- Carob bean gum Food and Agriculture Organization of the United Nations
- Current EU approved additives and their E Numbers Food Standards Agency
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- Carob uses, side effects Natural Medicines Comprehensive Database
- Zavoral JH et al, 1983, The hypolipidemic efect of locust bean gum fod products in familal hypercholesterolemic adults and children The American Journal of Clinical Nutrition
- Williams DR et al, 1980, Dietary fibre supplementation of a ‘normal’ breakfast administered to diabetics. PubMed
- Miyazava R et al, 2004, Effect of locust bean gum in anti-regurgitant milk on the regurgitation in uncomplicated gastroesophageal reflux PubMed
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- DIRECT FOOD SUBSTANCES AFFIRMED AS GENERALLY RECOGNIZED AS SAFE [21CFR184.1343] US Food and Drug Administration
- Alarcon E et al, 2011, Urticaria and Angioedema Due to Ingestion of Carob Gum: A Case Report Journal of Investigational Allergology and Clinical Immunology
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Carob or Locust Bean Gum
What is carob (locust bean) gum?
Carob or locust bean gum or carubin or algaroba  is poorly soluble but viscous dietary fiber extracted from the seeds of the carob tree (Ceratonia siligua, which belongs to legume family) grown in Mediterranean. It is an indigestible carbohydrate, a polysaccharide made of galactose and mannose (a galactomannan).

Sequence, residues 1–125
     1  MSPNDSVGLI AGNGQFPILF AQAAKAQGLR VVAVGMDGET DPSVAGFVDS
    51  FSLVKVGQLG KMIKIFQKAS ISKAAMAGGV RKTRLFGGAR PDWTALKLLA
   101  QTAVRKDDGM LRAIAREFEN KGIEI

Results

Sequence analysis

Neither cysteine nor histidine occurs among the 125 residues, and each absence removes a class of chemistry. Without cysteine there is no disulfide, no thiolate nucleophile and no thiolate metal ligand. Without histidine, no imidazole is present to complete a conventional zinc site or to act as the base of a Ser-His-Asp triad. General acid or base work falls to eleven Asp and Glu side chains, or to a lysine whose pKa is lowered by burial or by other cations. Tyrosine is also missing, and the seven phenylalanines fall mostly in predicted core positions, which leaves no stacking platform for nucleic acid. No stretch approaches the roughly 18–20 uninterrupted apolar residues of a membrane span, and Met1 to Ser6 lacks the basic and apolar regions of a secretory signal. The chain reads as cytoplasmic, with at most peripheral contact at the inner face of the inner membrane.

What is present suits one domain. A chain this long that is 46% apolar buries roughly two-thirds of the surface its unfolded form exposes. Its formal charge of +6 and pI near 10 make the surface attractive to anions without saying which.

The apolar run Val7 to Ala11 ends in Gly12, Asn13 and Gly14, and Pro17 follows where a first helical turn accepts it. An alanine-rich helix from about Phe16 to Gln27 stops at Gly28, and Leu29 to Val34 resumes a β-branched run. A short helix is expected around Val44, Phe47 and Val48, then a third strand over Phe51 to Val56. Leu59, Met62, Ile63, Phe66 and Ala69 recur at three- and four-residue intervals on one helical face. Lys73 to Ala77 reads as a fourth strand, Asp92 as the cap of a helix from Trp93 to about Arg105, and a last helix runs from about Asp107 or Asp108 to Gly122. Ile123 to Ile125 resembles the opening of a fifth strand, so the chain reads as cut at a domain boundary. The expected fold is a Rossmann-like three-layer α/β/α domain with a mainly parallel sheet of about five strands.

Carob Gum as a Food Additive
Locust bean gum is used as a food thickener and stabilizer. In the European Union it is labeled as E number 410 . Carob gum may be used in coffee, fish products, dried pasta, fermented milk, cream and infant formula.
Carob Gum Supplements: Possible Benefits
There is INSUFFICIENT EVIDENCE about carob gum effectiveness in preventing or treating weight loss , reducing glucose spikes after meals in individuals with diabetes type 2 , reducing blood cholesterol levels [5,11], gastroesophageal reflux disease and heartburn (GERD) [4,7], diarrhea in children [4,8], celiac disease and sprue .
Guar Gum Safety: Toxicity, Side Effects
Carob gum is Generally Recognized As Safe (GRAS) by the US Food and Drug Administration (FDA) . and has the “Acceptable Daily Intake (ADI) not specified” status (the highest safety category by JECFA .
Pregnancy. Not enough studies have been done to evaluate carob been supplements safety during pregnancy and breastfeeding .
Carob gum may decrease the absorption of calcium, iron and zinc . Individuals allergic to legumes may be allergic to foods containing locust bean gum; nasal discharge, asthmatic attack, hives (urticaria) and lip swelling (angioedema) have been reported .